An Expert Panel report published in The Diabetic Foot Journal has recommended a new treatment algorithm for topical oxygen therapy in patients with diabetic foot ulcers (DFUs) and called for it to be considered as an adjunct to standard of care after four weeks if the wound area has not reduced by 40%.
In addition, the report advises that the early initiation of topical oxygen therapy—before four weeks—could be beneficial for patients with peripheral arterial disease (PAD), especially where there is ulcer pain, non-healing after amputation, or sloughy wounds.
There are approximately 169,000 people suffering with a DFU in the UK, 65% of which are complicated by PAD. In response to this, the Expert Panel states that advanced treatment options are needed as healing rates under standard of care are often poor. The sustained delivery of oxygen, either from the blood supply or an external source such as topical oxygen, is vital to heal non-healing wounds, especially for DFUs.
Paul Chadwick, visiting professor at Birmingham City University and chair of the Expert Panel Report, said: “The evidence for topical oxygen therapy is growing and is shown to be beneficial, improving outcomes in suitable patients. This new consensus document and simple treatment pathway provides clarity on the role of topical oxygen therapy and when it should be introduced to help manage and heal these difficult to heal wounds. The patients of biggest concern for me are those with severe ulcers, as they are four times more likely to need a major amputation and almost twice as likely to die within one year.”
One product demonstrating results in topical oxygen therapy is Granulox, a haemoglobin spray from Mölnlycke that binds oxygen from the atmosphere and transports it to the wound bed where it is released. A European Wound Management Association (EWMA) evaluation of oxygen therapies currently available in wound care awarded the haemoglobin spray a treatment recommendation of Grade 1B, indicating a positive benefit–risk value with moderate quality of evidence and very strong observational studies.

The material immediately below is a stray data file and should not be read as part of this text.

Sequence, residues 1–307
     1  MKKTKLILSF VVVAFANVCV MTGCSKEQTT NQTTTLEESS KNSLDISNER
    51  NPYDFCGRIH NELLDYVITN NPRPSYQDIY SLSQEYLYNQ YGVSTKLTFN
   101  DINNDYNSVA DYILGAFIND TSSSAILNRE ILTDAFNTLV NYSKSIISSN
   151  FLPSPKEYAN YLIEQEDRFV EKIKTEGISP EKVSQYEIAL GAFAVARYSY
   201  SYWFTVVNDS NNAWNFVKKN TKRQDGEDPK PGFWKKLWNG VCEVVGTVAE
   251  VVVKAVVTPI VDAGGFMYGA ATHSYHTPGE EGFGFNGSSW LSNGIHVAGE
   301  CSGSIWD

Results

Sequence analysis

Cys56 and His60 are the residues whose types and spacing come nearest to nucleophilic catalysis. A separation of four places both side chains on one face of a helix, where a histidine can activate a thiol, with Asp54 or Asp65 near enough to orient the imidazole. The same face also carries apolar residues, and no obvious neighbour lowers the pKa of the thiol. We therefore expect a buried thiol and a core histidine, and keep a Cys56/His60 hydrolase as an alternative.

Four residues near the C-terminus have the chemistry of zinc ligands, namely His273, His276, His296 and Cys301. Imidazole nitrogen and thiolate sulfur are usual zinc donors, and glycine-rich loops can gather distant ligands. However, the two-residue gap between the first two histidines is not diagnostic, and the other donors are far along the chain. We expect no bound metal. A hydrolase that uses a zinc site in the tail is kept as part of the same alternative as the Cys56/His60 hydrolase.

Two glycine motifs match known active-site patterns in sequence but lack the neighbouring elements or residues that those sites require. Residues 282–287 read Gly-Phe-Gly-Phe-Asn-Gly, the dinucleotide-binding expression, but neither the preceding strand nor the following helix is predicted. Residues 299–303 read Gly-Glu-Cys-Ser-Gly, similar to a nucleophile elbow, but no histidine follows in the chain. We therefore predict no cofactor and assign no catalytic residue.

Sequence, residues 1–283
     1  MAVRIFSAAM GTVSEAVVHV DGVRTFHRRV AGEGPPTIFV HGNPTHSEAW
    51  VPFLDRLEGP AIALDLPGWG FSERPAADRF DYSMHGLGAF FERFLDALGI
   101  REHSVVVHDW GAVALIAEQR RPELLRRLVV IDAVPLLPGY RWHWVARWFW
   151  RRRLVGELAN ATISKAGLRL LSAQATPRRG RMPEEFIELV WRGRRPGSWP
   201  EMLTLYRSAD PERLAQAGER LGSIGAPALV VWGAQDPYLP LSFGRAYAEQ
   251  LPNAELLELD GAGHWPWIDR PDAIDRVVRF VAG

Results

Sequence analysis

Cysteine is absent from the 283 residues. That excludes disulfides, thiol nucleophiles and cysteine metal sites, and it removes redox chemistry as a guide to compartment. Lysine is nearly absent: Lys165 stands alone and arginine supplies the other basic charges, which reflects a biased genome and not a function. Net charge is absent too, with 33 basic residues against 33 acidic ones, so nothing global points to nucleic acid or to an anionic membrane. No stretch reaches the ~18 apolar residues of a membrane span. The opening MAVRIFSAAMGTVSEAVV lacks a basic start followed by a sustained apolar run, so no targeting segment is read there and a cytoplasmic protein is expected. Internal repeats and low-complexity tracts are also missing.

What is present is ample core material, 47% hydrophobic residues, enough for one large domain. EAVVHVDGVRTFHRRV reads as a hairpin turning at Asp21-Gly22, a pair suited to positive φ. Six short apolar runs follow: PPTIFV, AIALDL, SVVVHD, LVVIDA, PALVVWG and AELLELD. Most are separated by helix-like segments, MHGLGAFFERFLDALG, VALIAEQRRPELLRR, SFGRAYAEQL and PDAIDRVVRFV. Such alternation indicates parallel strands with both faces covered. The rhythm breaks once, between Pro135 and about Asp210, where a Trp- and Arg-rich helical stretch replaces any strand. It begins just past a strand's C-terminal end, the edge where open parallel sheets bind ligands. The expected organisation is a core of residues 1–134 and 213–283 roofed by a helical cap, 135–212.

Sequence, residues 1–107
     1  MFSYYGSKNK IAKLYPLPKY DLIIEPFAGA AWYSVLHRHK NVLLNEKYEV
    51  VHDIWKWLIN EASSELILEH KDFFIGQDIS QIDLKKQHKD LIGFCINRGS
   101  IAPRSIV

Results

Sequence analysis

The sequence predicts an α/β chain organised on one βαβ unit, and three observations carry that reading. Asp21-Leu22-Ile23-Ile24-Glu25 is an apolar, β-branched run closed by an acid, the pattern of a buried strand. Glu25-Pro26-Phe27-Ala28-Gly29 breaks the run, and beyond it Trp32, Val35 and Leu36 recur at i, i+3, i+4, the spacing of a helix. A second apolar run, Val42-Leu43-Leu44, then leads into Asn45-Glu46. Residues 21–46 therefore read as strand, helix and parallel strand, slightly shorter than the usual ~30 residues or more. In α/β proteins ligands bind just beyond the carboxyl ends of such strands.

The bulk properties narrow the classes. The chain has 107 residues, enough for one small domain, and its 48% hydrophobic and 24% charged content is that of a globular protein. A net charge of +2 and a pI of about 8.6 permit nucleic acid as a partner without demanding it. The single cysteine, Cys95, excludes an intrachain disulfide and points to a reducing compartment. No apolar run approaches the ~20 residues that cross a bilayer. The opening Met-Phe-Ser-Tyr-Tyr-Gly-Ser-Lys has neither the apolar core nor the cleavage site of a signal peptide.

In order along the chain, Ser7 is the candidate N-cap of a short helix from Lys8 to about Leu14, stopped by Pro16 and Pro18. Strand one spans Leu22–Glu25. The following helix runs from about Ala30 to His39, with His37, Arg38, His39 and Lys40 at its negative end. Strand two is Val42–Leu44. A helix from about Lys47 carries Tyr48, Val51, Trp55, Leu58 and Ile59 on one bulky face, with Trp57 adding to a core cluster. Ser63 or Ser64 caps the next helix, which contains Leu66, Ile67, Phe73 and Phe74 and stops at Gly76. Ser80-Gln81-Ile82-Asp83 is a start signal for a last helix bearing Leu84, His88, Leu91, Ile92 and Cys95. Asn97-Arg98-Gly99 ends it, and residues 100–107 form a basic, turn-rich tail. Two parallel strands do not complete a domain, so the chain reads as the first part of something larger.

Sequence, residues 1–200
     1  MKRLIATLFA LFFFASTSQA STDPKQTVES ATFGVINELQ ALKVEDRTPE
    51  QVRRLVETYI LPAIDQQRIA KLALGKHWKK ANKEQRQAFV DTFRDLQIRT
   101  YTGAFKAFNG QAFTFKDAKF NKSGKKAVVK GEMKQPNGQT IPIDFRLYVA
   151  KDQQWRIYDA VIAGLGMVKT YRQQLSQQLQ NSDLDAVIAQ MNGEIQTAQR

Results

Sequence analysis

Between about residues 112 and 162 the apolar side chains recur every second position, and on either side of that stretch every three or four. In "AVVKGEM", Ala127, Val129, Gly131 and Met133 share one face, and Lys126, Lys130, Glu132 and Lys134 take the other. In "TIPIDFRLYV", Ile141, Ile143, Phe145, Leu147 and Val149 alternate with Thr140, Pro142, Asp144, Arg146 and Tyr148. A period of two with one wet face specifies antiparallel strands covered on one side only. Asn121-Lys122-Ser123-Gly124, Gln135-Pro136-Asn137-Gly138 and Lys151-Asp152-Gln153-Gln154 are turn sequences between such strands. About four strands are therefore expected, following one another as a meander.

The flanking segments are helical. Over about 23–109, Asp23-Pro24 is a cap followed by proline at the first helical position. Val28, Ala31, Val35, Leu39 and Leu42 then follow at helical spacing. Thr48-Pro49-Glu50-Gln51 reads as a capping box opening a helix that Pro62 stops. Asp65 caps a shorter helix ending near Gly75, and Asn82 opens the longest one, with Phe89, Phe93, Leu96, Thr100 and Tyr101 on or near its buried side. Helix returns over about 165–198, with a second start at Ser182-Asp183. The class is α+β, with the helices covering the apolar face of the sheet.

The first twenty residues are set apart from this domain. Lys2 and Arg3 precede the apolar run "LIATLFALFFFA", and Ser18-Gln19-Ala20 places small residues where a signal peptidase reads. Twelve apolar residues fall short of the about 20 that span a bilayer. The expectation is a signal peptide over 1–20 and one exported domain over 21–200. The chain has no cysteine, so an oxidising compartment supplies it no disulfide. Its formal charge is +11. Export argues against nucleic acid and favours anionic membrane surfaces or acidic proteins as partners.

In a single-blinded randomised controlled trial on 72 patients with venous leg ulcers, the average wound size reduction was 53% at 13 weeks (p<0.01) in the group treated with the spray. By comparison, no significant reduction in wound size was seen in the control group. Studies have also shown that twice as many chronic wounds are healed at 8–16 weeks with the haemoglobin spray compared to standard of care, with shorter time (50%) to heal. More than 70% of patients have reported lower average pain scores at four weeks with the haemoglobin spray than with standard of care in chronic wounds, while 99% have shown less slough in chronic wounds after four weeks compared to 33% with standard of care.
The Expert Panel report recommends that the initiation of topical oxygen therapy for the treatment of DFUs should be undertaken by the multidisciplinary foot care service or a clinician experienced in diabetic foot care, before being undertaken thereafter by the community.
Diabetic foot disease is the most common reason for hospital admissions among people with diabetes, and DFUs cost the NHS an estimated £1 billion per year, while the additional social costs to the patient, such as reduced mobility and sickness absence, are estimated at £13.9 billion per year. The indirect costs for people with diabetic foot disease are also high, as many experience a poorer quality of life than those without foot disease. In total, 85% of amputations are preceded by DFUs, which also incur a greater risk of premature death, myocardial infarction and fatal stroke.
Speaking to iWounds News, Chadwick commented on why topical oxygen therapy should be considered as an adjunct to best practice, and how this can improve outcomes for patients: “Oxygen is a well-known requirement to promote cell metabolism and pathways for wound healing, such as the angiogenesis and revascularisation, cell metabolism and energy production, synthesis of connective tissue and infection resistance. Topical oxygen therapy, in particular, plays a vital role for the healing of non-healing wounds, especially for wounds associated with peripheral arterial disease and diabetic foot ulcers.
“Patients who could benefit from topical oxygen therapy are those with peripheral arterial disease not suitable for revascularisation or with unsuccessful revascularisation, with ulcer pain, or in patients who are not healing after amputation or have sloughy wounds. Therefore, the panel members recommended – in an updated treatment algorithm – that topical oxygen therapy should be considered as an adjunct to standard of care after four weeks if the wound area has not reduced by 40%.
“The report also looked at product innovations and reviewed the clinical data to form a basis of recommendations. Granulox (Mölnlycke), an oxygenating haemoglobin spray, is showing promising results in topical oxygen therapy. Studies have shown that diabetic patients can benefit with a reduction in their foot ulcer size when haemoglobin spray is used as an adjunct to standard care.”